U.S. Supreme Court Helps Employers Fend Off Retaliation and Harrassment Claims

In late June, the United States Supreme Court issued two opinions that, among other things, will make it more difficult for plaintiffs to assert federal retaliation and harassment claims against their employers.

Vance v. Ball State University

The issue before the Court in Vance was who is a supervisor for purposes of Title VIIharassment claims. The question is important because different rules apply depending on whether the harasser is the plaintiff’s “supervisor,” in which case the employer can be automatically liable for the supervisor’s conduct. If the harasser is merely a co-worker, the employer generally will only be liable if it failed to take reasonable steps to prevent or correct the harassing behavior. Prior to the Supreme Court’s decision in Vance, there was no agreement mong lower courts regarding who qualifies as a “supervisor.”

Noting that in most modern organizations employees have “overlapping authority with respect to the assignment of work tasks,” the Court refused to define “supervisors” as those who have authority to assign work, as some lower courts had done. Instead, the Court adopted a more demanding test and defined a “supervisor” as an employee who is empowered “to take tangible employment actions against the victim,” i.e., to effect a “significant change in employment status, such as hiring, firing, failing to promote, reassignment with significantly different responsibilities, or a decision causing a significant change in benefits.”

The Court’s decision is significant because it not only provides a standard that judges and juries can easily apply, but also one that offers a clear guide to employers in their harassment prevention, monitoring and training efforts.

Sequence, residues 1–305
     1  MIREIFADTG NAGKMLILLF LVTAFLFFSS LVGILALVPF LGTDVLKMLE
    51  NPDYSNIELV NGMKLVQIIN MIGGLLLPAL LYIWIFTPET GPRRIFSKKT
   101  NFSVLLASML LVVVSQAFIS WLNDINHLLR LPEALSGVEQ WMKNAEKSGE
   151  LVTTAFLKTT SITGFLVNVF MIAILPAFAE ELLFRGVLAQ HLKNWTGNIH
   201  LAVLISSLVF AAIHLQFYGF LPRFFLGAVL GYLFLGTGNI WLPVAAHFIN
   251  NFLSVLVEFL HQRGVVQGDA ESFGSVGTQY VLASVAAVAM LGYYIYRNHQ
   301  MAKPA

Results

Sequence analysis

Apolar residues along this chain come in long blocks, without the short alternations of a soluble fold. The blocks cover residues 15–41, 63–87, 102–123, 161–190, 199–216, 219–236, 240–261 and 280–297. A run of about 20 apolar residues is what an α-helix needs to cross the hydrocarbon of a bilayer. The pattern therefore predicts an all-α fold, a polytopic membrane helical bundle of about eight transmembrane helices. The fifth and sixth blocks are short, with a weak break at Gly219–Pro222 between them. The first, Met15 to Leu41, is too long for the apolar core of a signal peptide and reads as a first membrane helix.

University of Texas Southwestern Medical Center v. Nassar

The question before the Supreme Court in Nassar was whether the lower courts had applied the correct standard for proving a case of retaliation under Title VII. In a retaliation claim, an employer may be held liable for retaliating against an employee who has engaged in activity that is protected by Title VII, such as complaining about discrimination. The plaintiff in Nassar argued that he only needed to show that his protected activity was a “motivating” or“substantial” factor in his discharge, even if it was not the only factor. The defendant, on the other hand, argued that the plaintiff had to show that his protected activity was the sole reason for his discharge, and that but for the plaintiff’s protected activity, his discharge would not have occurred. Focusing on the statutory language in Title VII’s retaliation provision, the Court concluded that the more stringent “but for” causation test advocated by the defendant should apply to Title VII retaliation claims.

The Court noted that retaliation claims are being made with increasing frequency, and the number of such claims filed with the Equal Employment Opportunity Commission has nearly doubled in the past 15 years to more than 31,000 in 2012. It reasoned that allowing courts to apply a more lenient standard than the one it adopted would “contribute to the filing of frivolous claims, which would siphon resources from efforts by employers, administrative agencies and courts to combat workplace harassment.”

The Supreme Court’s decision in Nassar is important because, in addition to deterring employees from making frivolous retaliation claims, it enables employers to take legitimate action against an employee, such as discipline, demotion, or discharge, with considerably less concern that it could still be deemed liable for retaliation. The decision is also significant because, under the previous less stringent test, retaliation claims often survived attempts to achieve a pre-trial dismissal, even though the employee’s underlying claim of discrimination was rejected.

For More Information

If you have questions about these cases or are concerned about harassment or retaliation claims by employees, contact Joseph P. Hofmann at 717.399.6643 or the Stevens & Lee attorney with whom you normally consult regarding labor and employment issues.

This News Alert has been prepared for informational purposes only and should not be construed as, and does not constitute, legal advice on any specific matter. For more information, please see the disclaimer.

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